In this fresh examination of Kipling, Benfey hangs a provocative "what if” over Kipling’s American years and maps the imprint Kipling left on his adopted country as well as the imprint the country left on him
...Kipling’s American years make for a fertile foreign chapter. They yielded the bulk of his most popular work. Benfey eloquently argues not only that Kipling’s engagement with the United States made him the writer he became, but that he lavishly returned the favor ... It is not Benfey’s fault that Kipling flies about in reckless disregard of his subtitle, but it does at times make for something of a disjointed narrative. One gets the sense of a subject straining at his leash, unhappily confined, stubbornly untamed ... Benfey reminds us of our debt to a category-demolishing, globe-striding man who indeed contained multitudes...
Christopher Benfey, a professor at Mount Holyoke, writes that some of his friends, when they learned what he was working on, asked him what on earth he was thinking, and warned that he’d better be ready to defend himself. Benfey’s best defense turns out to be the book itself, which doesn’t attempt a full-throated rehab job ... Kipling’s American sojourn is hardly an 'untold story'—it figures in all the biographies—but Benfey tells it well, catching nuances that some biographers have missed.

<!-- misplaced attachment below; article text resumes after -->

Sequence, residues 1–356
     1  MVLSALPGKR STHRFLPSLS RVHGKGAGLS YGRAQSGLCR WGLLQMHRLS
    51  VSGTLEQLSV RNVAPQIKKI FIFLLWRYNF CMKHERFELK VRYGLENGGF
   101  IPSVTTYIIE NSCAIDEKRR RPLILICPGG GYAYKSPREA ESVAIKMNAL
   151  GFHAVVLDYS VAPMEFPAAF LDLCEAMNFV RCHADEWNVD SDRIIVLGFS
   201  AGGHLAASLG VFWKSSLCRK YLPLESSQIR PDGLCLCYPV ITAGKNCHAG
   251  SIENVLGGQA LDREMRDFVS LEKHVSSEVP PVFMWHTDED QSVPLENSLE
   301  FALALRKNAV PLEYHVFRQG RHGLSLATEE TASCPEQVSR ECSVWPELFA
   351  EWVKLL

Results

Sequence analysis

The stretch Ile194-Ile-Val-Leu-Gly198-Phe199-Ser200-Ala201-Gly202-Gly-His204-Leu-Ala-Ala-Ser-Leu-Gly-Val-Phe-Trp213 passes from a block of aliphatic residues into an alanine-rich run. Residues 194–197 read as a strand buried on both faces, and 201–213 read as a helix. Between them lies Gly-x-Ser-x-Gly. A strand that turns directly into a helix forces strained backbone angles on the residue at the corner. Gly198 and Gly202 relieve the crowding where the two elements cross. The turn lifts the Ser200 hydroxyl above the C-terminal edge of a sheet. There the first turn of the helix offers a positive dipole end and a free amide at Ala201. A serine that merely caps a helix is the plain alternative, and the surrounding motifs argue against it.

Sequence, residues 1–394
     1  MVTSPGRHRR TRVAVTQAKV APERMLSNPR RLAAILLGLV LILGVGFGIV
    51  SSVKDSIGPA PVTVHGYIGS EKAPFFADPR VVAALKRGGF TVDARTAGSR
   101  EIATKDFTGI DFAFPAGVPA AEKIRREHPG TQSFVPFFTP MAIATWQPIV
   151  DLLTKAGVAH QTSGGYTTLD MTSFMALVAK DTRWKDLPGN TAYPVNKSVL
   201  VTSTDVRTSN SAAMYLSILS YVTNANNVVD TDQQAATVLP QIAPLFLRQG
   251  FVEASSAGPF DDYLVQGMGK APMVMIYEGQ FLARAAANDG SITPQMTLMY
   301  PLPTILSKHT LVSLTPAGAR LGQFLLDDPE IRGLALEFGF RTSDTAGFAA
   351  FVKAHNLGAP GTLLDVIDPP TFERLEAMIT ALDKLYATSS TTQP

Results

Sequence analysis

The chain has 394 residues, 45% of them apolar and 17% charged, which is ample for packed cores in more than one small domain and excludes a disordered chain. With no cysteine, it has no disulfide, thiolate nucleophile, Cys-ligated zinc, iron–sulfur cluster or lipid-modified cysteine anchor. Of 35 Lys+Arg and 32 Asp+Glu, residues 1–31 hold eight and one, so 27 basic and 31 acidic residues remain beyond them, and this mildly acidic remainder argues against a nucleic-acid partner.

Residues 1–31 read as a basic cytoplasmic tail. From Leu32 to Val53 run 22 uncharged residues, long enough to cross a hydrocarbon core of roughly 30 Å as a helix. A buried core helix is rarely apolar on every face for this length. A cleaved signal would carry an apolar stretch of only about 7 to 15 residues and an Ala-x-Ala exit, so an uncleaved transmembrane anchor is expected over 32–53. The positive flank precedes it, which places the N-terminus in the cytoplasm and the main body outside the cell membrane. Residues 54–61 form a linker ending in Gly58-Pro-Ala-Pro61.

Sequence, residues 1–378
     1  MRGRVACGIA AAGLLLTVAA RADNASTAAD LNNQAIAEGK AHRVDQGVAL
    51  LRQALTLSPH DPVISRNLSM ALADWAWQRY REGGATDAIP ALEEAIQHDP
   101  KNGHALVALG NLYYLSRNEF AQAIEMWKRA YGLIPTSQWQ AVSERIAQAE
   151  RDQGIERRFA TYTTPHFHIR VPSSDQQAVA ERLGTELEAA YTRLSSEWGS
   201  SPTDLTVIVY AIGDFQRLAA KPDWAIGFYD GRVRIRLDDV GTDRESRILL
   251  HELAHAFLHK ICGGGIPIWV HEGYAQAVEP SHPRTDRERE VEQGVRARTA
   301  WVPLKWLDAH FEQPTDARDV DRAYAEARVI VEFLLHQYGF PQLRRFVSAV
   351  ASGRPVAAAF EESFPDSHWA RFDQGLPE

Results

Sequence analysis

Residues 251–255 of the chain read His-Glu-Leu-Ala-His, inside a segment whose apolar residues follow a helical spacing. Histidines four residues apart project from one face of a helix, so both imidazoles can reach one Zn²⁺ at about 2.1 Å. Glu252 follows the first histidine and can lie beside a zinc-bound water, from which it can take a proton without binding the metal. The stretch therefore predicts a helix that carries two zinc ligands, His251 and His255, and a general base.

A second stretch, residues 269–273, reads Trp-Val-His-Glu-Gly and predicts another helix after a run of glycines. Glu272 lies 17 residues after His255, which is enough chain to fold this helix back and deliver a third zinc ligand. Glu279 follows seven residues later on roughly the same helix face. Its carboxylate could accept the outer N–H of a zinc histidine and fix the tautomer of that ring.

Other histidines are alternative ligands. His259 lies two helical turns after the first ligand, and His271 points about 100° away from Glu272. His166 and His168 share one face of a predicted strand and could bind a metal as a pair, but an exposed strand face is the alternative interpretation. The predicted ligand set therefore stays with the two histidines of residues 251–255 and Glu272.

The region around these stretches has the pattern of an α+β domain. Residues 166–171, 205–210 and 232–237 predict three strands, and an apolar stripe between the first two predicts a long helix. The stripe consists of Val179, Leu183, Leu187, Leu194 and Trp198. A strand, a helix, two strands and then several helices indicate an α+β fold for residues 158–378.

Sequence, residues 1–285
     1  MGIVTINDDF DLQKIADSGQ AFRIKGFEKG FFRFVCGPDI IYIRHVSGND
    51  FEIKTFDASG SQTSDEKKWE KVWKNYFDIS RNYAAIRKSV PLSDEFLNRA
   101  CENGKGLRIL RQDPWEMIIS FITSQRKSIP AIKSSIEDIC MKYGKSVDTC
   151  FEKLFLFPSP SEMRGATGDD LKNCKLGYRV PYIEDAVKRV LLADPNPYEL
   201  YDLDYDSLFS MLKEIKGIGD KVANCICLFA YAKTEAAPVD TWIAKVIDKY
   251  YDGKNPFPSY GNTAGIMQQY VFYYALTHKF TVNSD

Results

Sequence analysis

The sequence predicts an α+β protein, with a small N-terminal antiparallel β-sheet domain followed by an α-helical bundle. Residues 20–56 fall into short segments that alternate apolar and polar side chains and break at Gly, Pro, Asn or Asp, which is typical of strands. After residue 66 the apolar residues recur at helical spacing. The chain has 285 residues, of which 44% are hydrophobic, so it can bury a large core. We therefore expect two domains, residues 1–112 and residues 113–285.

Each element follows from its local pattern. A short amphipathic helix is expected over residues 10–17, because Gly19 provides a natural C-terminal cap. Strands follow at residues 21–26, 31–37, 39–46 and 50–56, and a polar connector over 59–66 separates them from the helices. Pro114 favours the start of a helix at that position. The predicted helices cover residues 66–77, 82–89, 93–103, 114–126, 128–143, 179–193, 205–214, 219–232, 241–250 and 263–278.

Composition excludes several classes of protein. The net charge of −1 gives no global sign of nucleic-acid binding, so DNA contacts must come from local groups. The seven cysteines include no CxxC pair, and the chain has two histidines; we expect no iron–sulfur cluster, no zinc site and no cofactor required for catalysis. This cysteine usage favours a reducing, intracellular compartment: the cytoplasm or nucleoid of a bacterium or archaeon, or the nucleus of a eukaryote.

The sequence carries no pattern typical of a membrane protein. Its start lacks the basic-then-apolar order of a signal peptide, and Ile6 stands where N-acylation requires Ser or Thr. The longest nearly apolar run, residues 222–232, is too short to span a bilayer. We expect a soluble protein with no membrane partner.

Benfey strolls through Kipling’s American years with the sensibility of a flaneur, pausing here over particular points of interest, turning back there for another look. The approach delivers memorable insights ... But too often Benfey lets go of the bright ideas that bob through If like a fistful of balloons and allows them to float away ... If concludes with an unsatisfying epilogue on citations of Kipling during the Vietnam War, which feels both too little (in terms of what it says about Kipling) and too late (leaping straight from the 1910s into the 1970s) ... What If makes clear, however, is that Kipling’s offensive politics must be understood as a product of American influence as much as British ... Anchoring Kipling in American history and literature shows how much more extensive and complicated the legacies of empire actually are.